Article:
Q: What explains the clear dip in the BF demand in End of April- Beginning of May specifically?
A: This dip in blast furnace activity is widespread. It occurs in India, Europe, the Americas and elsewhere. This is really the moment that global markets realised that Covid-19 would not be contained in China and would have a strong impact on the global economy. Different markets reacted in slightly different ways. Some, for example, imposed lockdowns and production restrictions. Others, such as Japan, did not impose restrictions but steelmakers nevertheless decided to cut production to match demand.
Q: Do you see political impact on iron ore- say China not buying from Australia? And if so, can we quantity such political impact?
A: It would be very difficult for China to not buy iron ore from Australia. It would cause an unprecedented disruption to its steel industry which would have knock-on effects across the economy. It is possible that short-term measures would be imposed for political reasons, but as China would ultimately bear the cost of this it is unlikely to be their first option in a political dispute. Politics has always been an issue between China and Australia and this has flared up from time to time, such as during and after the financial crisis. These political disputes rarely overcome economic fundamentals however. A dispute between China and Australia would have a very marginal impact relative to China’s domestic policies to stimulate demand.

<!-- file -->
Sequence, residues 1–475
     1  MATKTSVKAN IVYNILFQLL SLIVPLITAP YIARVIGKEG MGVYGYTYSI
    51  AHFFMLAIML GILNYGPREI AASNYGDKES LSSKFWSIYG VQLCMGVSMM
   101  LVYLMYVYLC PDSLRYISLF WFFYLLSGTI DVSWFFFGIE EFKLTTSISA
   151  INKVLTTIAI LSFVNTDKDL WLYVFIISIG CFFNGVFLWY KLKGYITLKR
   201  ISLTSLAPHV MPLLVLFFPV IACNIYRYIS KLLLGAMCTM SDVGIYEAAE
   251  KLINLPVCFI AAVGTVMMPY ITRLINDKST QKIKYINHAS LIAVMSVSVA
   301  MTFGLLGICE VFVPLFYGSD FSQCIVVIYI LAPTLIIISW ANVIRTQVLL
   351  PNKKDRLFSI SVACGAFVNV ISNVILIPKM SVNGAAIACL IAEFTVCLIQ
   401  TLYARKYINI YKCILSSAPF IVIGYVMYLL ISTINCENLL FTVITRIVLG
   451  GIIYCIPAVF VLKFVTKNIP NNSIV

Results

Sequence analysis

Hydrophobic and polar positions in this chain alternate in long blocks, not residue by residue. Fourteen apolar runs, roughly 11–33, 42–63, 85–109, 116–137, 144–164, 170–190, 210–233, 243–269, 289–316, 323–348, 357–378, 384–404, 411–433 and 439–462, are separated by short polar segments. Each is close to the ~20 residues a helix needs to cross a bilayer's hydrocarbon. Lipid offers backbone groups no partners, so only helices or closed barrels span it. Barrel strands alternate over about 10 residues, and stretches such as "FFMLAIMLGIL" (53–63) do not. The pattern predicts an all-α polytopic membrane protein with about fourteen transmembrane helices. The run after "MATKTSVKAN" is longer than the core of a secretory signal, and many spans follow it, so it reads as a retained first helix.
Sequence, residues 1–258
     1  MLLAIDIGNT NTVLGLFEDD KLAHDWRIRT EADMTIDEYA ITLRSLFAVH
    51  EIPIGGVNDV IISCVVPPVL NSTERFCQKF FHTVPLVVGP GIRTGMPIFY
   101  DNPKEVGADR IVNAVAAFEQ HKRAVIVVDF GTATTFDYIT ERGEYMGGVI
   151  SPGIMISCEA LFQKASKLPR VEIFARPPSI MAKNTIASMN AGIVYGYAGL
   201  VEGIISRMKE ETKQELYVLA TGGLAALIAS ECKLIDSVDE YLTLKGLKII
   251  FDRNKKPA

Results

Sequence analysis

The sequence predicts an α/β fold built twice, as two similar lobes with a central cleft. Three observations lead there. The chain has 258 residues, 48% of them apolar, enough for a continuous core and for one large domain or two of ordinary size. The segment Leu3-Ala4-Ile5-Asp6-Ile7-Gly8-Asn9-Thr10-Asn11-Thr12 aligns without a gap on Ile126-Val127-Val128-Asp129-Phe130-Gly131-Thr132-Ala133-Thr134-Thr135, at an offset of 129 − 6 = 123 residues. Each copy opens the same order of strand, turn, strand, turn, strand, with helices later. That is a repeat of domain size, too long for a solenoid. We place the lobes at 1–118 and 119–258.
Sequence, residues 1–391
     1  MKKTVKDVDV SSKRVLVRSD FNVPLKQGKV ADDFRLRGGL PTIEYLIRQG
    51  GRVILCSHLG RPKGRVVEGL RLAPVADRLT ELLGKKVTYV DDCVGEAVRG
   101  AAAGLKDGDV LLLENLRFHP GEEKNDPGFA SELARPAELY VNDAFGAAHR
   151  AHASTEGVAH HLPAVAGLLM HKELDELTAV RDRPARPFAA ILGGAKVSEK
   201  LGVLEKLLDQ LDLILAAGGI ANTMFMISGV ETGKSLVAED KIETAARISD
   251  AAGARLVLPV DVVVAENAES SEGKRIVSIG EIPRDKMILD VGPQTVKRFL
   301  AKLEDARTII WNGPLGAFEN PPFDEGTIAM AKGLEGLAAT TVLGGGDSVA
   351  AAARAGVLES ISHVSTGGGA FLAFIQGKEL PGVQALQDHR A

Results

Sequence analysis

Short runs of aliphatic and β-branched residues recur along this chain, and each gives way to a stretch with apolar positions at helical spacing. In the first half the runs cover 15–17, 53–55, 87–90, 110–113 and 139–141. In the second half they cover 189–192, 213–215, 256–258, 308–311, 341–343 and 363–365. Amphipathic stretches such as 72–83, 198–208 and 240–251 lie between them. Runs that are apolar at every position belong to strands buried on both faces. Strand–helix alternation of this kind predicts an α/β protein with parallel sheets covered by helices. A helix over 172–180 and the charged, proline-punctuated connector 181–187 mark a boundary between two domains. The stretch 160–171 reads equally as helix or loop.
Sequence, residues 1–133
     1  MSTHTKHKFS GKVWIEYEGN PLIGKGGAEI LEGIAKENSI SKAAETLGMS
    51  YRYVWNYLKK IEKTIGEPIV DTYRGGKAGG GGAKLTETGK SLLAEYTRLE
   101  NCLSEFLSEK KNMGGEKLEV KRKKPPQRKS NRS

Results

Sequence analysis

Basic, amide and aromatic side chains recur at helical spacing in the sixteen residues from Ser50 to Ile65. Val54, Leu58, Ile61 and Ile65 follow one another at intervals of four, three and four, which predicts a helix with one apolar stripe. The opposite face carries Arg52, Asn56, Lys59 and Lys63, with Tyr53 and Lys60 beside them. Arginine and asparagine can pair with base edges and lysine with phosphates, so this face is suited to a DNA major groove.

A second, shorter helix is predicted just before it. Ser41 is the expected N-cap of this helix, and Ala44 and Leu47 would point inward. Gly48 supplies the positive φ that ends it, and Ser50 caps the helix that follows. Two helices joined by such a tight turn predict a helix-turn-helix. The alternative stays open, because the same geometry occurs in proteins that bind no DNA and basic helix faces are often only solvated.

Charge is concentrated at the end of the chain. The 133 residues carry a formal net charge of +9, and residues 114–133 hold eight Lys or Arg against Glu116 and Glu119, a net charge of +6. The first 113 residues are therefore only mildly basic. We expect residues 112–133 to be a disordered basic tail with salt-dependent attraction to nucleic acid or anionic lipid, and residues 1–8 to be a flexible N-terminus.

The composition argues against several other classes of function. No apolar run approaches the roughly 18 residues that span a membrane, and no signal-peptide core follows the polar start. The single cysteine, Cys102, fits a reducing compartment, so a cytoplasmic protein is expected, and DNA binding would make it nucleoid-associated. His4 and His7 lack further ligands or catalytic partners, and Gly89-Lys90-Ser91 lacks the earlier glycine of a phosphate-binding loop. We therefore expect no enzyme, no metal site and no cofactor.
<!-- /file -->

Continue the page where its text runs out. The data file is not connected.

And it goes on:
Burcak brings 15 years experience in covering global long products and scrap pricing. She is responsible for the Kallanish daily scrap assessment in Turkey, as well as European shredded and US domestic and export pricing . She is based in Istanbul, prior to joining Kallanish she worked in SteelOrbis as director of Research.
Tomas is the Managing Editor Asia for Kallanish and produces editorial content on the region, with a focus on China, as well as overseeing Kallanish's operations in East Asia. He is based in Shanghai, where he has lived and worked for the last six years. Tomas speaks Mandarin as well as English and Spanish. He has also spent three years in Beijing studying and working. Previously, Tomas worked at Steel Business Briefing, where he joined shortly after graduating with a masters degree in Asian politics from SOAS in London.
Having graduated from university in England's steel city of Sheffield, Adam was destined to end up in a career related to the steel industry. He has worked at Kallanish since 2014 as an editor for The Middle East and Turkey, as well as CIS and Eastern Europe, contributing his experience gained from five years in Dubai of the vibrant and fast-growing Middle Eastern and Turkish markets. Adam regularly attends events in the Middle East and Europe, moderating and speaking at some of them. He was previously steel editor at Platts in Dubai and before that Central and Eastern European reporter for Steel Business Briefing in London. Adam prides himself on providing friendly, informative and accurate journalism. He is currently based in Frankfurt and speaks fluent Polish and intermediate German.